Aberdulais Tin Works & Waterfall
Aberdulais Tin Works & Waterfall is one of the oldest industrial sites in Britain. The waters of the Dulais River just outside Neath have been driving the wheels of industry here for over 400 years, a tradition that continues to this day. Discover how a small village in the Welsh valleys used cutting edge technologies to harness an ice age landscape and breath-taking waterfalls, to shape the industries that changed the world.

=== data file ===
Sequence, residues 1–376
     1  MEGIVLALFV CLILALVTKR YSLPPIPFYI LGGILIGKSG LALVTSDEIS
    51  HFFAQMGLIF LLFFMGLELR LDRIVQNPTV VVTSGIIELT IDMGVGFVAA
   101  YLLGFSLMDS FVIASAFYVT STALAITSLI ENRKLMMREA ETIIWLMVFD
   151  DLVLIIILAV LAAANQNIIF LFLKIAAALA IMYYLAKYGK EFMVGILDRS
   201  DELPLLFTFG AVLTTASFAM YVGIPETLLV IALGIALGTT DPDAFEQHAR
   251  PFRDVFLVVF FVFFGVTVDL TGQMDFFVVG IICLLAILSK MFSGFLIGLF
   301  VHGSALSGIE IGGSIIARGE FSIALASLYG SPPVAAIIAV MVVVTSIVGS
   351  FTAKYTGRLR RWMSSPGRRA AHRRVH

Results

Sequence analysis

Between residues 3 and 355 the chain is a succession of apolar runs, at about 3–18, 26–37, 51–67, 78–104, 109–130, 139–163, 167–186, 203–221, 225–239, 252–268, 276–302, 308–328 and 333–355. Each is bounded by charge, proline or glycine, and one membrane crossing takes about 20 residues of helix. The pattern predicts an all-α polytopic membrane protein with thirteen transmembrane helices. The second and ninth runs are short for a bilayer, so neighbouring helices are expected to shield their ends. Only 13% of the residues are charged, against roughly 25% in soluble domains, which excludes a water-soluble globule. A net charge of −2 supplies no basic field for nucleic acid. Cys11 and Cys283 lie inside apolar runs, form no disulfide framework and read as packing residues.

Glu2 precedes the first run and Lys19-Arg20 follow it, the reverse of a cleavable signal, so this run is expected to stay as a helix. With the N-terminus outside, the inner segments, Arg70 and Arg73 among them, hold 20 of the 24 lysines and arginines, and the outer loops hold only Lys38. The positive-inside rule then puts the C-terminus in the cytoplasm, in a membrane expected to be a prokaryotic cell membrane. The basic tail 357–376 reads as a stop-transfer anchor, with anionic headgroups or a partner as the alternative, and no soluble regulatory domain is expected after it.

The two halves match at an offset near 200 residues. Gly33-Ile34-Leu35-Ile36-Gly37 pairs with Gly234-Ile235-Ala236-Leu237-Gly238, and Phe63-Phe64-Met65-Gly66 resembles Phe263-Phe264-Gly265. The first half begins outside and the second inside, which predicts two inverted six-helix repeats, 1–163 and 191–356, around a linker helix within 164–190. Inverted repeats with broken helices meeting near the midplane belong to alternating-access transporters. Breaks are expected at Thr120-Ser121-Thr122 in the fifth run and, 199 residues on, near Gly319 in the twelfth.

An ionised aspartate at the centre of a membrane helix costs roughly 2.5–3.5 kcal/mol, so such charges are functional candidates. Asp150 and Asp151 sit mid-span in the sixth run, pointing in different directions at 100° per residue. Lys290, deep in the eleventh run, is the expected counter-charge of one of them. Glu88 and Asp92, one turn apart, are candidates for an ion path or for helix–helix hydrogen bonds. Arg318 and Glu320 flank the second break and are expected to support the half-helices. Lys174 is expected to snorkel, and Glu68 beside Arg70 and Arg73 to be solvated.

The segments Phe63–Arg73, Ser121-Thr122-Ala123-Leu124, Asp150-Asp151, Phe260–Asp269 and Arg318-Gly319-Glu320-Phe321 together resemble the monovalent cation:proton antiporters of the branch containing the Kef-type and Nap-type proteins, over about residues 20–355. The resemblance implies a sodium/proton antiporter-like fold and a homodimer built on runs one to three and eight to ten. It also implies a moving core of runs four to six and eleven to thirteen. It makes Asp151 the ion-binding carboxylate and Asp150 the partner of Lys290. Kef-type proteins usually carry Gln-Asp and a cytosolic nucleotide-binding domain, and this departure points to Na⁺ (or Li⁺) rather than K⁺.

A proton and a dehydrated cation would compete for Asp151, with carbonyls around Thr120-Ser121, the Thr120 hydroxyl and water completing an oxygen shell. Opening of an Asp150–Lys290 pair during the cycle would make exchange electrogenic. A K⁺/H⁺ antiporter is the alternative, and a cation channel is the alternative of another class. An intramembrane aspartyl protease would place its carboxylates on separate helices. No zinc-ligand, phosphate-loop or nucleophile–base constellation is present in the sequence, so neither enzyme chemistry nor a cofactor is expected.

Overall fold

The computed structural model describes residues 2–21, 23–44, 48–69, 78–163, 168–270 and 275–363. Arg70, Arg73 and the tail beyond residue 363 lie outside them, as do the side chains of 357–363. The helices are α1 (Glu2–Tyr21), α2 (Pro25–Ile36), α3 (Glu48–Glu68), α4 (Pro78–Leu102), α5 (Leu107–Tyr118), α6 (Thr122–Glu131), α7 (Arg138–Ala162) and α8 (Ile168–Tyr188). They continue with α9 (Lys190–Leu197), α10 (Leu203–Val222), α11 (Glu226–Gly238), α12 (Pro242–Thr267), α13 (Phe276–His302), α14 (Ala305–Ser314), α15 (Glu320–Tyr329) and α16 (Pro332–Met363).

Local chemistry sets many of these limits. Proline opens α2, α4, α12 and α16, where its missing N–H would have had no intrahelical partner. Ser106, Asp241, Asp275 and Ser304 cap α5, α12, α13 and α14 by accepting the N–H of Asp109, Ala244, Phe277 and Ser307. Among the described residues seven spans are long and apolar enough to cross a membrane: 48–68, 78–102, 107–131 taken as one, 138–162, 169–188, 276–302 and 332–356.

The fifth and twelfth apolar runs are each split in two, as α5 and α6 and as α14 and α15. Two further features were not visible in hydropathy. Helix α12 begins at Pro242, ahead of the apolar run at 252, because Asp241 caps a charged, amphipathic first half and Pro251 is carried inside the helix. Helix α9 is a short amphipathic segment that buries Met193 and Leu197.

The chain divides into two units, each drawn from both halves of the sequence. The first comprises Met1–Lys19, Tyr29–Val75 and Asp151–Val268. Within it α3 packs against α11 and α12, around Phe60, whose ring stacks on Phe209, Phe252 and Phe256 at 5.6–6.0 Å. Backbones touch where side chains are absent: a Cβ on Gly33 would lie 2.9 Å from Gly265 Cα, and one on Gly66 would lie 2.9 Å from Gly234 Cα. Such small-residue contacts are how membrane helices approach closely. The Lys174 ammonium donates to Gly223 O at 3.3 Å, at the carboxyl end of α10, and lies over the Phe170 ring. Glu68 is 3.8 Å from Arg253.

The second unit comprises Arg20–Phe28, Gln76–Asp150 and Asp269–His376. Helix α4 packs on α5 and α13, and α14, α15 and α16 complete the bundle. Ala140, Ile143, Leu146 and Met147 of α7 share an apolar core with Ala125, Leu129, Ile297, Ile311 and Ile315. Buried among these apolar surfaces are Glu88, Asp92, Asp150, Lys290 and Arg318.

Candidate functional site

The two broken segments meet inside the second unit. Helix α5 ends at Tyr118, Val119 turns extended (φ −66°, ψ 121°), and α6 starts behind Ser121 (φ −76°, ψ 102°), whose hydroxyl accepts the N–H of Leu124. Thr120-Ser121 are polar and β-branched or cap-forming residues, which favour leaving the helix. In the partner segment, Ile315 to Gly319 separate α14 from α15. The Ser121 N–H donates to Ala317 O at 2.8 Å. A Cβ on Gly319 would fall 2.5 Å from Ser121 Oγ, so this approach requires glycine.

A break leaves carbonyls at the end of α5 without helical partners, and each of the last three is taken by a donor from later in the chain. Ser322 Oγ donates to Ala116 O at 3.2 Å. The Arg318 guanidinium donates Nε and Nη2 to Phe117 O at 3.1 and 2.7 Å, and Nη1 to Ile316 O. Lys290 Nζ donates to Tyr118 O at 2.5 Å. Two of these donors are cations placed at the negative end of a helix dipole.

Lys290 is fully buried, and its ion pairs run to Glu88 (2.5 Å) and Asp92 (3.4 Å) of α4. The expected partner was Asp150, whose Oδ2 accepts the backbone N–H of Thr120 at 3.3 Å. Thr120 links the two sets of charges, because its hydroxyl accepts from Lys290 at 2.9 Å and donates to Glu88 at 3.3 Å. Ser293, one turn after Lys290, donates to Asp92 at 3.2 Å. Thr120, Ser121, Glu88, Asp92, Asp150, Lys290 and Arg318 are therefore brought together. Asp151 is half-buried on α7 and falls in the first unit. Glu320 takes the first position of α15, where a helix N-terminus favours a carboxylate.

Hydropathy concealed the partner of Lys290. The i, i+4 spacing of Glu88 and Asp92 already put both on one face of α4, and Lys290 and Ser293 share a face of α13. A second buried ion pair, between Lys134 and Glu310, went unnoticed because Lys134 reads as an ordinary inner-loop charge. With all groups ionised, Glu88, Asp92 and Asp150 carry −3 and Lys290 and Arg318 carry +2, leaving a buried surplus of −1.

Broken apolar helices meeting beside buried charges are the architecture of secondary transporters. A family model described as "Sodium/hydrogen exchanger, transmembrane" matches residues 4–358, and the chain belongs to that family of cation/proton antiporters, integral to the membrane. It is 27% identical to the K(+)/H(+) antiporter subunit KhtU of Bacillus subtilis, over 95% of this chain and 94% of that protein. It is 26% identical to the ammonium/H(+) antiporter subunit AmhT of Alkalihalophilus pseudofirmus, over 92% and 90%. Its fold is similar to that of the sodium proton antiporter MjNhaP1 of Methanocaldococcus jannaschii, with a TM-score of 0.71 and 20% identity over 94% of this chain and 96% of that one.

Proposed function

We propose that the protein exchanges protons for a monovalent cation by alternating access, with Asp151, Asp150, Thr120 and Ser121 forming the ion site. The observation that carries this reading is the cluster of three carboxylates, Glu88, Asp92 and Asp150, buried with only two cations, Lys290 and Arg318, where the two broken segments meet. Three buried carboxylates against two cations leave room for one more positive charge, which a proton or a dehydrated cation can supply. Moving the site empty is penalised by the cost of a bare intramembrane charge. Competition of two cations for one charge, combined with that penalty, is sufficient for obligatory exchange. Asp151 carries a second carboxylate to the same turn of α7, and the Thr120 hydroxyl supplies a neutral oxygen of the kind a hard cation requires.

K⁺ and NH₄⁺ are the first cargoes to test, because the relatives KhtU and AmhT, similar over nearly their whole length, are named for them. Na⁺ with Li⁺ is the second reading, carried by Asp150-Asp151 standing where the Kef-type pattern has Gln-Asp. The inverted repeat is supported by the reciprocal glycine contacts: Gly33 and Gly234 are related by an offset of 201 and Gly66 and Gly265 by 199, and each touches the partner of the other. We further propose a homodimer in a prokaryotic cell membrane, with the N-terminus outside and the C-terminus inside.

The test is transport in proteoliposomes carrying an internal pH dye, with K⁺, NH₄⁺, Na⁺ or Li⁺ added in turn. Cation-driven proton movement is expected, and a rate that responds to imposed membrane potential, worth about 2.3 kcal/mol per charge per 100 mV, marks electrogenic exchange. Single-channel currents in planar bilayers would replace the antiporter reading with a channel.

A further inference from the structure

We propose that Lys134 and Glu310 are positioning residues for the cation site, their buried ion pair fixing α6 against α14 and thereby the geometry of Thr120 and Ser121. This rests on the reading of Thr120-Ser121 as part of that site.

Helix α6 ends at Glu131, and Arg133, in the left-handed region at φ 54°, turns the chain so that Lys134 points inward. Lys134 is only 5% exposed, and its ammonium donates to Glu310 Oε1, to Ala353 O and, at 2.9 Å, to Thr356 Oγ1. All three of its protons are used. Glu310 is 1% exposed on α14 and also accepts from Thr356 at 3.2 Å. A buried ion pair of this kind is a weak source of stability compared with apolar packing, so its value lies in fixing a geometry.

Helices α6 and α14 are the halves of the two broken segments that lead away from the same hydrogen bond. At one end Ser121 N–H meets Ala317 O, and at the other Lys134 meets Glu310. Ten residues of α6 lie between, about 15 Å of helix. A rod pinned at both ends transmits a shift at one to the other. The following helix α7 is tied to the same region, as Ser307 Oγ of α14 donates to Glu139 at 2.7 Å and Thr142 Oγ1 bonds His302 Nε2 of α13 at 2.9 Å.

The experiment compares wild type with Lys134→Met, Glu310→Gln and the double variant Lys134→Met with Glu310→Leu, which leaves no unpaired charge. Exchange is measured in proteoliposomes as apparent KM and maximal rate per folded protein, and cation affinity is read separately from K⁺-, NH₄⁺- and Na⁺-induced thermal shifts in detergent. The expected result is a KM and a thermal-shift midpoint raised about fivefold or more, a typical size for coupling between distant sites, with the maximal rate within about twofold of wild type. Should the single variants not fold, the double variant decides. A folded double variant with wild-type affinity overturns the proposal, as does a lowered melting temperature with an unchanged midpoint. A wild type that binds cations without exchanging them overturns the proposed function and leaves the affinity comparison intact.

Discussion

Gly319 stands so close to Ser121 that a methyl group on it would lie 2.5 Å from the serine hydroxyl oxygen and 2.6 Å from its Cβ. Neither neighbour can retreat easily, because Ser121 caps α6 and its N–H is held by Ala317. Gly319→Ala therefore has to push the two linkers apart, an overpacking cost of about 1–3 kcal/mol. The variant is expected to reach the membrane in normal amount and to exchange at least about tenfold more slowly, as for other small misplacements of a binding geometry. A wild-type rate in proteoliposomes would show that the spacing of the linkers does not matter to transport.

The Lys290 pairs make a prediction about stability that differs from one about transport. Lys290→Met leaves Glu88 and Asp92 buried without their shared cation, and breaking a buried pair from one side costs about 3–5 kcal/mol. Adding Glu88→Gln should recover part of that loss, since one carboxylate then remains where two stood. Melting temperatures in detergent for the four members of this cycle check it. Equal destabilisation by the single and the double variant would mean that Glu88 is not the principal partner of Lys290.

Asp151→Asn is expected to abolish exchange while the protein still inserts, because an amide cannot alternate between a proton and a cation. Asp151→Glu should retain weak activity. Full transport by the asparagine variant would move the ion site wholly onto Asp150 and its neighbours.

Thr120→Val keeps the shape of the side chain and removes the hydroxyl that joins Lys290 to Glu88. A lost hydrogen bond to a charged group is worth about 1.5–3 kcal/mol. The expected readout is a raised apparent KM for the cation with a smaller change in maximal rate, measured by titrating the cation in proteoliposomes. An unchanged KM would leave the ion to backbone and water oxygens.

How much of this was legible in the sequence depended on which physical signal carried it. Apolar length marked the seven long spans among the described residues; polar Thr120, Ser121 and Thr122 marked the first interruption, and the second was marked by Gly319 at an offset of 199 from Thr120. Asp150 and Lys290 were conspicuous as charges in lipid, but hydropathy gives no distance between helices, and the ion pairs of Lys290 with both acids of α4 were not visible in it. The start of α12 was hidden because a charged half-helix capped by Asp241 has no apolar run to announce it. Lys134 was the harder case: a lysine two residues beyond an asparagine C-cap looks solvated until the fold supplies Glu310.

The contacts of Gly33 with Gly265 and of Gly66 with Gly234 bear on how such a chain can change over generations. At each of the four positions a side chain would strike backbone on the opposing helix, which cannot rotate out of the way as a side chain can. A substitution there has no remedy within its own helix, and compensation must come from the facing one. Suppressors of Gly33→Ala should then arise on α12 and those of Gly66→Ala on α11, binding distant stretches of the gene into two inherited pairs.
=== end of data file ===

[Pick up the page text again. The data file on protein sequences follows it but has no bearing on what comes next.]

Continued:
Aberdulais Tin Works & Waterfall is Britain’s oldest surviving remains of a water powered tinplate works, a site where the river Dulais and picturesque waterfall lies at its heart. You can meander around the site and imagine the hustle and bustle of days gone by; dozens of workers onsite, furnaces burning all day long with tinplate being prepared to be transported around the country. Today’s waterwheel is a modern version of an old technology that has stood the test of time for more than 400 years. Built by students and apprentices of British Steel at Port Talbot, this is the largest electricity-generating wheel in Europe, with a diameter of 8.2m. It has 72 buckets and rotates five times per minute. Our waterwheel sits in the original wheel pit and a flywheel would have transmitted rotary power to the rollers of the Victorian tinplate work, where two wheels actually operated side by side.